A federal court has struck down the latest Alabama congressional district map drawn by Republicans after the US Supreme Court found their earlier attempt discriminated against the state's black voters.
A three-judge panel at the U.S. District Court said it was “deeply troubled” that the state approved a charter it “readily admits” does not meet its obligations under federal law.
“We know of no other case in which a state legislature—faced with a federal court ruling that its election plan unlawfully reduces minority votes and requires a plan that provides an additional district of opportunity—has responded with a plan that the state admits that it does not provide that area,” the justices wrote in a Sept. 5 order.
A landmark decision by the country's highest court Allen v. Milligan effectively ordered Alabama's GOP-dominated state legislature to go back to the drawing board and rewrite the state's congressional district map, finding that the previous one violated the Voting Rights Act.
This map crammed the state's most black residents, who make up more than a quarter of the state's population, into a single congressional district out of seven. Alabama Republicans have maintained the status quo with a map that has only one district in which black voters in the state, most of whom vote Democratic, have a chance to elect a potential candidate of their choice.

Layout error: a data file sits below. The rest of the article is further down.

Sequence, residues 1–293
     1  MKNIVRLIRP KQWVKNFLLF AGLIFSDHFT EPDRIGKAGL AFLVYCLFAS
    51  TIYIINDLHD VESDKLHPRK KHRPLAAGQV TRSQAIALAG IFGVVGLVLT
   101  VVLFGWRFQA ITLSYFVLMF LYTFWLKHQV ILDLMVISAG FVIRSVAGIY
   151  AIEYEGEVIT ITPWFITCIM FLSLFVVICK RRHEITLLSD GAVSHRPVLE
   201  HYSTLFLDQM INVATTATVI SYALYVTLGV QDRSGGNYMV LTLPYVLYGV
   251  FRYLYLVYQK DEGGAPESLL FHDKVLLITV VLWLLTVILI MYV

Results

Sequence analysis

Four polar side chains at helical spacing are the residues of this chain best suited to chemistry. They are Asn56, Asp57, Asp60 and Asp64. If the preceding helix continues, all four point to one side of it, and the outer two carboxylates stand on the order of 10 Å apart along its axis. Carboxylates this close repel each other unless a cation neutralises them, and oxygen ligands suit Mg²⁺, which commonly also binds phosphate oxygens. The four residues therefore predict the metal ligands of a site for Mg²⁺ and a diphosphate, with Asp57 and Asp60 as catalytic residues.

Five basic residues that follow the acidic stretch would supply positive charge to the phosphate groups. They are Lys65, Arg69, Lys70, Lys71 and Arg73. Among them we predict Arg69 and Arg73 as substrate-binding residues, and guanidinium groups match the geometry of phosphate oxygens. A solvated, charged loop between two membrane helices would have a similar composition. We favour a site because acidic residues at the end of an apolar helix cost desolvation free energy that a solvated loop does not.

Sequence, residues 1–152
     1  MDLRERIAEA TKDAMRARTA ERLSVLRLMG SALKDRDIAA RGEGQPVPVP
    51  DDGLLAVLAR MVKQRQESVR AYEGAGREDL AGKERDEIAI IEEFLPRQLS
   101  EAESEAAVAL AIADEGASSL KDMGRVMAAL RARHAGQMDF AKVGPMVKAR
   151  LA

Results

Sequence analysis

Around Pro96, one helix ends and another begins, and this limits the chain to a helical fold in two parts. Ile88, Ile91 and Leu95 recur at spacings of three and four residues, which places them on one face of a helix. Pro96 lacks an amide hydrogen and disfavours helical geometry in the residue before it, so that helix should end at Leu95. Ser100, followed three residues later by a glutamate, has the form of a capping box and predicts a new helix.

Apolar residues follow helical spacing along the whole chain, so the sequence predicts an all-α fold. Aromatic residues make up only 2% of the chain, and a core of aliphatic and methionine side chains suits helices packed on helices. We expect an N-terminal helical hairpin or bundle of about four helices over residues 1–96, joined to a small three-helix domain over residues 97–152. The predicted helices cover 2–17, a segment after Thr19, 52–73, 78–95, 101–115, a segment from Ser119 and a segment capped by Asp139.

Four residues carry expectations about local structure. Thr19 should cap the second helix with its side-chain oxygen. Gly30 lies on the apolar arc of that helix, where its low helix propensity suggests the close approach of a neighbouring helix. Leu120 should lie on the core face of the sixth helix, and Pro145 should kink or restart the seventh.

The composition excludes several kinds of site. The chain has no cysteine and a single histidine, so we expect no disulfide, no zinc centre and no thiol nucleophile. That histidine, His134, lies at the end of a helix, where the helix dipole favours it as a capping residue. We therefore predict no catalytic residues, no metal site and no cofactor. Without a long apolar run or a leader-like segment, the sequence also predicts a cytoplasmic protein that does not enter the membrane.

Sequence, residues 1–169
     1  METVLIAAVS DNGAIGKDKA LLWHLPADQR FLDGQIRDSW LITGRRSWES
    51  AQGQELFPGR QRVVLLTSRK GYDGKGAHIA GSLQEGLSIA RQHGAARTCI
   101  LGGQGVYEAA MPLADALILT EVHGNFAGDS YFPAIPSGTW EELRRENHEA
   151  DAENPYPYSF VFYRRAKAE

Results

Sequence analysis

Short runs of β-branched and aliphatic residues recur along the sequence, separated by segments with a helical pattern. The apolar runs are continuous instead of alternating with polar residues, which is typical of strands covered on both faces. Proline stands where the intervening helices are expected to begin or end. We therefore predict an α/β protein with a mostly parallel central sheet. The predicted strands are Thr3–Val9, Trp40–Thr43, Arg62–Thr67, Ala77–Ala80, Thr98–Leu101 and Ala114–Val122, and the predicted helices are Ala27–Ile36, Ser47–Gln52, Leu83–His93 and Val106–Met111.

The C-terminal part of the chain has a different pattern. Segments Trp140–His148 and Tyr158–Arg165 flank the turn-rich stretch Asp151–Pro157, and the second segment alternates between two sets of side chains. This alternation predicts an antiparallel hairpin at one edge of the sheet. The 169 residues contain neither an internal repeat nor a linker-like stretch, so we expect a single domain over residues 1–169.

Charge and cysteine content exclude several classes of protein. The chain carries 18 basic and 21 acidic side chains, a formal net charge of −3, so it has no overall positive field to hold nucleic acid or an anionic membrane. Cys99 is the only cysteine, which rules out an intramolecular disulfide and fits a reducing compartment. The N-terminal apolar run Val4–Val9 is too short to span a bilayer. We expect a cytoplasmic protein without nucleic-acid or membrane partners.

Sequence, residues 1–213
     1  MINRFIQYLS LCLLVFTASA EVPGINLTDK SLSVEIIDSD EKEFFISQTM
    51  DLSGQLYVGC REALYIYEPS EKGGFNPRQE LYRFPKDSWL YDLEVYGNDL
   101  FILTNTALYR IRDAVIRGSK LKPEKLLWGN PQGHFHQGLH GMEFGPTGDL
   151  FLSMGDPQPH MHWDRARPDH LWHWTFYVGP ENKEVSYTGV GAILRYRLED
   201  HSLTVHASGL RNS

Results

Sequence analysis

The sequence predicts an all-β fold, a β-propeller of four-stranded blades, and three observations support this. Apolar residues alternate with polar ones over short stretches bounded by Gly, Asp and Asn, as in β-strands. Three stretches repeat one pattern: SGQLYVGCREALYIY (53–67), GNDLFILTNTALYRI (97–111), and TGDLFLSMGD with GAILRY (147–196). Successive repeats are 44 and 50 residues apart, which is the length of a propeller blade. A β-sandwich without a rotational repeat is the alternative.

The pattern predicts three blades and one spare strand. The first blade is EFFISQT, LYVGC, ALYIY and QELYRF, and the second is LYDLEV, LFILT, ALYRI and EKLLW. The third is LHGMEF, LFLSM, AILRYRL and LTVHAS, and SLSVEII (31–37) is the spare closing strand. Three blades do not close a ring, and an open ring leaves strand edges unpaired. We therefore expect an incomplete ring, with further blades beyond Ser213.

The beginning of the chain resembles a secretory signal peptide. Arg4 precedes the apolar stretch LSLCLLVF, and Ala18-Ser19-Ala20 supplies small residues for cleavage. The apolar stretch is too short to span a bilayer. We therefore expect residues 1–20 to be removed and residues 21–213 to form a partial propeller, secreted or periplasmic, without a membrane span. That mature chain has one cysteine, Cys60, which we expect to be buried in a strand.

The 2023 plan has a district — currently represented by Democratic U.S. Rep. Terry Sewell — with a black voting-age share of just over 50.6 percent. The black voting-age population in the other proposed district is 39.9 percent.
The rest of the state's black voters are “cracked” into other districts, greatly reducing their voting power.
“The law requires the creation of an additional district that provides Black Alabamians, like all others, a fair and reasonable opportunity to elect candidates of their choice,” the justices wrote on Sept. 5. “The 2023 Plan clearly fails to do that.”
The provision bars the state from proceeding with elections under the 2023 plan and directs the appointment of a special master to come up with a new map that “includes either an additional majority-Black district, or an additional district in which black voters they otherwise have an opportunity to elect a representative of their choice.”
“Alabama openly admits its intent to defy the law and the US Supreme Court. But we will not back down,” according to her joint statements Allen v. Milligan plaintiffs.
“Sixty years ago, former Governor George Wallace stood at the door of the school to prevent blacks from desegregating the University of Alabama. He only moved when the federal government forced him to. “History is repeating itself, and the district court's decision confirms that Alabama is once again on the losing side,” they added. “We're demanding Alabama back out and obey our laws — we're demanding our voting rights.”
Alabama's Republican Secretary of State Wes Allen, who is named in the suit, previously told the court that the state faces a relatively tight Oct. 1 deadline to adequately prepare for the upcoming 2024 primary.
Statement from Mr. Allen's office to The independent he said the office will “continue to support local officials as we ensure we are ready to conduct safe, secure and fair elections in Alabama.”
“I, along with my team, remain committed to ensuring that our election laws are followed and that every legitimate vote is counted,” Mr. Allen added.